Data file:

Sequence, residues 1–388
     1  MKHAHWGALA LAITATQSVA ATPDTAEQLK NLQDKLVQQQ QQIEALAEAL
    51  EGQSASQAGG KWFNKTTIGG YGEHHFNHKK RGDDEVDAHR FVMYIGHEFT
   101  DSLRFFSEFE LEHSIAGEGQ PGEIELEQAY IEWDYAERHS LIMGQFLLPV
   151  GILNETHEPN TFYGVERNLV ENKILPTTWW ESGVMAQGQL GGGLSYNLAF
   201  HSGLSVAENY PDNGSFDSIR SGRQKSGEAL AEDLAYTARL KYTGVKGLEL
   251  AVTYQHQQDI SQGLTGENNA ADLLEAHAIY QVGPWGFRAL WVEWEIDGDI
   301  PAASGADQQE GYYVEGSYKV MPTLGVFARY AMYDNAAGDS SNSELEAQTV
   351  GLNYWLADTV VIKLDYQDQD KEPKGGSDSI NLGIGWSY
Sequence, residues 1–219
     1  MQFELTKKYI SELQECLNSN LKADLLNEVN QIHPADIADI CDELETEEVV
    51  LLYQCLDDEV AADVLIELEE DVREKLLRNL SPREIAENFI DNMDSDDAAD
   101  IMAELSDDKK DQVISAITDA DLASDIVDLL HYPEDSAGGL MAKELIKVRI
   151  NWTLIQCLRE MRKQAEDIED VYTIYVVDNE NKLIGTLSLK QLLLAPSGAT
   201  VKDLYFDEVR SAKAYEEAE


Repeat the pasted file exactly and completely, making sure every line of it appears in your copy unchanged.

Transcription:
Sequence, residues 1–388
     1  MKHAHWGALA LAITATQSVA ATPDTAEQLK NLQDKLVQQQ QQIEALAEAL
    51  EGQSASQAGG KWFNKTTIGG YGEHHFNHKK RGDDEVDAHR FVMYIGHEFT
   101  DSLRFFSEFE LEHSIAGEGQ PGEIELEQAY IEWDYAERHS LIMGQFLLPV
   151  GILNETHEPN TFYGVERNLV ENKILPTTWW ESGVMAQGQL GGGLSYNLAF
   201  HSGLSVAENY PDNGSFDSIR SGRQKSGEAL AEDLAYTARL KYTGVKGLEL
   251  AVTYQHQQDI SQGLTGENNA ADLLEAHAIY QVGPWGFRAL WVEWEIDGDI
   301  PAASGADQQE GYYVEGSYKV MPTLGVFARY AMYDNAAGDS SNSELEAQTV
   351  GLNYWLADTV VIKLDYQDQD KEPKGGSDSI NLGIGWSY
Sequence, residues 1–219
     1  MQFELTKKYI SELQECLNSN LKADLLNEVN QIHPADIADI CDELETEEVV
    51  LLYQCLDDEV AADVLIELEE DVREKLLRNL SPREIAENFI DNMDSDDAAD
   101  IMAELSDDKK DQVISAITDA DLASDIVDLL HYPEDSAGGL MAKELIKVRI
   151  NWTLIQCLRE MRKQAEDIED VYTIYVVDNE NKLIGTLSLK QLLLAPSGAT
   201  VKDLYFDEVR SAKAYEEAE